Having a large number of great players on a team is not enough to be successful as you need team chemistry to build trust and keep things flowing the correct way. There are many ways to build this kind of trust and rapport with your team, but take a look at the ways that some of the great U.S. National Team players and coaches and their tactics to improving team chemistry.
Straight from the head honcho of the U.S. Women’s National Team is Karch Kiraly with some sage advice: “We talk a log about being selfless instead of selfish. That’s not easy to do. But if lots of people are doing it, then it helps each teammate feel special.”
Some examples of this would be: “If somebody dives for a ball, is somebody else sprinting over to pick them up or is everybody kind of ignoring that person after she had put out great effort? Are people looking each other in the eye or are they turning away from somebody after she makes a mistake? Are people facing each other directly, giving high fives, making physical contact? All of those things are ways players can elevate the play of their teammates,” said Kiraly.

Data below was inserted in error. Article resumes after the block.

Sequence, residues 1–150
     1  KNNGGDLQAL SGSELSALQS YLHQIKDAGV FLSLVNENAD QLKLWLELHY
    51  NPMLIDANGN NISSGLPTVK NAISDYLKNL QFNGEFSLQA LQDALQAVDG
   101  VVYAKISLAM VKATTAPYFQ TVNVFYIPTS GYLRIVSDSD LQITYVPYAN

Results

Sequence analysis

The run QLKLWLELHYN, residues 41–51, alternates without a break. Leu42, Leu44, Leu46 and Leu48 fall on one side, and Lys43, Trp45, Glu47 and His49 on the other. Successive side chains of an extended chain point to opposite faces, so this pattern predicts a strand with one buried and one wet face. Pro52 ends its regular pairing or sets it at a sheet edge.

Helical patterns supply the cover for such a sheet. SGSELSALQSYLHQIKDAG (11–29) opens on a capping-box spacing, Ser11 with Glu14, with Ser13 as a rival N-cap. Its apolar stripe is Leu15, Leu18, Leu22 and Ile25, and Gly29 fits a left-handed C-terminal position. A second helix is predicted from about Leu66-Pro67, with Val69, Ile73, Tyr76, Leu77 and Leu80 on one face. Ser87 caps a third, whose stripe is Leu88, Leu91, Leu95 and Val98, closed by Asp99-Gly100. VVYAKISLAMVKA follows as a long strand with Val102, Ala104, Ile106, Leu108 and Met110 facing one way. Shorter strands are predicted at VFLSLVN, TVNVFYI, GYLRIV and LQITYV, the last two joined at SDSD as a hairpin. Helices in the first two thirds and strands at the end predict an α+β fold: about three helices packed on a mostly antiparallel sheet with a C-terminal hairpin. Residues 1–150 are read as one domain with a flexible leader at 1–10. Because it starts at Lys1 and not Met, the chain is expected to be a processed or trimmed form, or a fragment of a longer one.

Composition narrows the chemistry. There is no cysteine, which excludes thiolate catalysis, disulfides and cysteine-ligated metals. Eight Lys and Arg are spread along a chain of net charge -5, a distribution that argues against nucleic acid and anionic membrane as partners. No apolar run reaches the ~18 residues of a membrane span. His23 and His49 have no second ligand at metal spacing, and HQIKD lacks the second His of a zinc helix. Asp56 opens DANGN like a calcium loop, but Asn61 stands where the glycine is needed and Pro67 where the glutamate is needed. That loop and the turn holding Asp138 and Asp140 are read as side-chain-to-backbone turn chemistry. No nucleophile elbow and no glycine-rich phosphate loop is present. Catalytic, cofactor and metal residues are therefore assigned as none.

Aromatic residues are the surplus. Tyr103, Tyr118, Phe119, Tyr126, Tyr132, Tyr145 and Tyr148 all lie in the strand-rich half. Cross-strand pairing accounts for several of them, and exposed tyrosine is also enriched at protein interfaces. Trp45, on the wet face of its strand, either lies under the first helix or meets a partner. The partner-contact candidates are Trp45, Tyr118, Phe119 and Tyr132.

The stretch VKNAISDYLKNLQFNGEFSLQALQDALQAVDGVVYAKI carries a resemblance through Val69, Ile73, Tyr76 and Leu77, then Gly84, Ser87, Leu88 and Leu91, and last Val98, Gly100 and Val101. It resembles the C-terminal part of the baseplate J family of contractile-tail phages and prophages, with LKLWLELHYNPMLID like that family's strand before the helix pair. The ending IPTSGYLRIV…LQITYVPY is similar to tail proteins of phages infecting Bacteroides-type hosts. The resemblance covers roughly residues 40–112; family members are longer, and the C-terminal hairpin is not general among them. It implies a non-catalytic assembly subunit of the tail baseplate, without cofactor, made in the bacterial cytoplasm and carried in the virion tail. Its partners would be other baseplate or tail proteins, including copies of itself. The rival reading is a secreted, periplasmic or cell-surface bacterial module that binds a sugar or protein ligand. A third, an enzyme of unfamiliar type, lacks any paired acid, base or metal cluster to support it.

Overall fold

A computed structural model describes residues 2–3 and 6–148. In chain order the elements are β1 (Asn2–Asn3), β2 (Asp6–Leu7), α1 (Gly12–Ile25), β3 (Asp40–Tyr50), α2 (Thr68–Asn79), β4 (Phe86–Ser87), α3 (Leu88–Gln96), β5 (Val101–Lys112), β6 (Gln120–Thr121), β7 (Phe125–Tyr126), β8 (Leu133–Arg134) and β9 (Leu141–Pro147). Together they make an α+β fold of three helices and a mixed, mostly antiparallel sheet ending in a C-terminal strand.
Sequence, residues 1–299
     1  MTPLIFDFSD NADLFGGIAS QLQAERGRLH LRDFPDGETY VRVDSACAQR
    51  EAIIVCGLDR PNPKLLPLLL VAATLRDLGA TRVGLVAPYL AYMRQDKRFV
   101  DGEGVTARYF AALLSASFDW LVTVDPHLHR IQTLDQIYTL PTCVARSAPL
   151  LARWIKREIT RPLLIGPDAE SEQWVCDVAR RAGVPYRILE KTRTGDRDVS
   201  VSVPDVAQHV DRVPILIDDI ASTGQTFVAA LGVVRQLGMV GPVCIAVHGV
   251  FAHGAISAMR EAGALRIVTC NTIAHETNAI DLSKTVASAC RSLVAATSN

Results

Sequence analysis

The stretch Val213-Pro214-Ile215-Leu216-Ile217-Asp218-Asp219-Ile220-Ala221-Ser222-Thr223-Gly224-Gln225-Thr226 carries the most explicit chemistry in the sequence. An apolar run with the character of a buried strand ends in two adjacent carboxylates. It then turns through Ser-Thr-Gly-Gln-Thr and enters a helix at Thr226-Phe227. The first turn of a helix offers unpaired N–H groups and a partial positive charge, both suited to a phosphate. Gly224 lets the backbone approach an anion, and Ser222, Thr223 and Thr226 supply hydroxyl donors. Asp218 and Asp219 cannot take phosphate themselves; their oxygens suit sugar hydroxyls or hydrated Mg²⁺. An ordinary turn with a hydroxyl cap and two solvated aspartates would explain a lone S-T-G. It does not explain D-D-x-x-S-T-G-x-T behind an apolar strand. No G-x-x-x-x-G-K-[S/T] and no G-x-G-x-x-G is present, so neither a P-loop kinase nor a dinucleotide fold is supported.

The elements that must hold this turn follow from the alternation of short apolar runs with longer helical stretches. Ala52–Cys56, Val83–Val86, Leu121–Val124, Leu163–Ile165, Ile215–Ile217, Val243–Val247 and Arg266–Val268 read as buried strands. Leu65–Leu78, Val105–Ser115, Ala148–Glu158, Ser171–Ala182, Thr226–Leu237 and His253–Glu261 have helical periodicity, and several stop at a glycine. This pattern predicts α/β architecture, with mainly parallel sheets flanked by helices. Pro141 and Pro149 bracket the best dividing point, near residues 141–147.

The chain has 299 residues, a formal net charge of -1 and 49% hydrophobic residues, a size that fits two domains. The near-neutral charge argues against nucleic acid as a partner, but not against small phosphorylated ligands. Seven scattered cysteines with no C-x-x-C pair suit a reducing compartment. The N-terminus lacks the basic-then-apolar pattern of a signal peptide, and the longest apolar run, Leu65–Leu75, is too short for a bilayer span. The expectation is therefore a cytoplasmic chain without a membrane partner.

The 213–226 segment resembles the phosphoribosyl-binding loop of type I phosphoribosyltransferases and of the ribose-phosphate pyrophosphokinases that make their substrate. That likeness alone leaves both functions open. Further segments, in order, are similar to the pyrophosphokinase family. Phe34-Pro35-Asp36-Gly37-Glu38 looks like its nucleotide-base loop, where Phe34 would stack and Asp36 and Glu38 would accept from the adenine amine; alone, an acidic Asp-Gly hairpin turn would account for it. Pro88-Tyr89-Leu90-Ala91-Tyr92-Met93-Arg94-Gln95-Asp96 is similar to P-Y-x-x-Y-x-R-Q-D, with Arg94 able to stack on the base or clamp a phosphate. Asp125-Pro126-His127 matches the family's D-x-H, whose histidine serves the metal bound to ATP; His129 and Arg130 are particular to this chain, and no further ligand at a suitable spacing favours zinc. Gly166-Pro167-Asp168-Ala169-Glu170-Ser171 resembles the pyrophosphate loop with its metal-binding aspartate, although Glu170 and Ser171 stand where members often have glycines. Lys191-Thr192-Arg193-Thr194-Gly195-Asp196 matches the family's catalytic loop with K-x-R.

By simply being there for your teammates during the good and bad of a match, you are subtly building up team chemistry. Though this cohesiveness is not just built through exercises on the court, you need to build this chemistry away from the gym.
“Find a way to spend time with your teammates outside of the gym. Go to the beach, see a movie or have lunch with some of your teammates. Spending quality times outside of the gym, in my opinion, helps build better relationships with better communication and stronger trust that can help your team chemistry on the court,” said Team USA libero, Erik Shoji.
This same concept was explained by Natalie Hagglund. You have to get to know your teammates, the trivial things such as how many siblings, their favorite color to a more deep and personal level like what have you sacrificed to be where you are today?
All of these things build up a team on and off the court and can be the make or break of how successful a team can or will really be.